This second Video Vortex Reader marks the transition of online video into the mainstream. Staggering statistics of hypergrowth no longer impress us. Discussing a possible online video project for the first time in late 2006 in Melbourne with Seth Keen, the topic was still a matter of ‘becoming’. One collaborative research project, six conferences and two anthologies later, the Video Vortex project seems at a crossroads. Massive usage is not an indication of relevance. Heavy use does not automatically translate into well-funded research or critical art practices. Is the study of online video, like most new media topics, doomed to remain a niche activity – or will we see a conceptual quantum leap, in line with the billions of clips watched daily? So far, there is no evidence of a dialectical turn from quantity into quality. It is remarkable how quickly both pundits and cultural elites became used to online video libraries containing millions of mini-films. In our ‘whatever’ culture nothing seems to surprise us. Who cares about the internet? Continuous technological revolution, from social networking to smartphones, seems to have numbed us down. B-S-B: Boredom-Surprise-Boredom. Instead of an explosion of the collective imaginary we witness digital disillusion – a possible reason why online theory has had a somewhat unspectacular start. The low quality of YouTube’s most popular videos certainly indicates that this platform is not a hotbed of innovative aesthetics.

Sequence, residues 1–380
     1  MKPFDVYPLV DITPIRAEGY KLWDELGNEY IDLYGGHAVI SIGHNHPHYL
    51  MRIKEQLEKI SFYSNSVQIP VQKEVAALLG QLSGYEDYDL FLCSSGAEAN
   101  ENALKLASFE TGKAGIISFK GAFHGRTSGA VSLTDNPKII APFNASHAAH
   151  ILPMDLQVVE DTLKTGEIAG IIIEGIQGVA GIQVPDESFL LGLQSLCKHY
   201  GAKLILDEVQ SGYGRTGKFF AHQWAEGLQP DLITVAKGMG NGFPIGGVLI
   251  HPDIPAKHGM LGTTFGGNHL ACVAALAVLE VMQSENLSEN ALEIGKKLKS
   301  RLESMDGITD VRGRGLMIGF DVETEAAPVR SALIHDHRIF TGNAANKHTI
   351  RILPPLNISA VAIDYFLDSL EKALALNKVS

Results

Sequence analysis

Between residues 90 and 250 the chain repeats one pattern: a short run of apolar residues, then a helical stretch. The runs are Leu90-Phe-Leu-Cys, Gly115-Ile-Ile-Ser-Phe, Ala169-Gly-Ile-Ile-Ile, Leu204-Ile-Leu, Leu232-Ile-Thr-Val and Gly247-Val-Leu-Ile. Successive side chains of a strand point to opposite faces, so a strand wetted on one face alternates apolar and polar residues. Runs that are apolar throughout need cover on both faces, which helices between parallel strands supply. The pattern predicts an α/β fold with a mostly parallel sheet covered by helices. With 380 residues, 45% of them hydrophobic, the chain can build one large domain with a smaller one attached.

What are the concerns here? Was will das Medium? Are we condemned to fight over the exact percentage of user-generated content in comparison to remediated film and television material? Will online video remain a jukebox item that is passed from one social network to the next? Have we all switched from zapping to searching? Should we approach the potential of YouTube culture from the plasma screen angle? Is the final destination to be found in the living room, where the online video logic starts to compete with cable and free-to-air television? Is online video liberating us from anything? Instead of trying merely to measure this ever-changing field, we can also try to define future scenarios. Let’s dig into the destiny of online video and discuss three possible directions […].  [Geert Lovink, ‘Engage in Destiny Design: Online Video Beyond Hypergrowth: Introduction to Video Vortex Reader II’, in Geert Lovink and Rachel Somers Miles (eds), Video Vortex Reader: Moving Images Beyond YouTube (Amsterdam: Institute of Network Cultures, 2011) p. 9]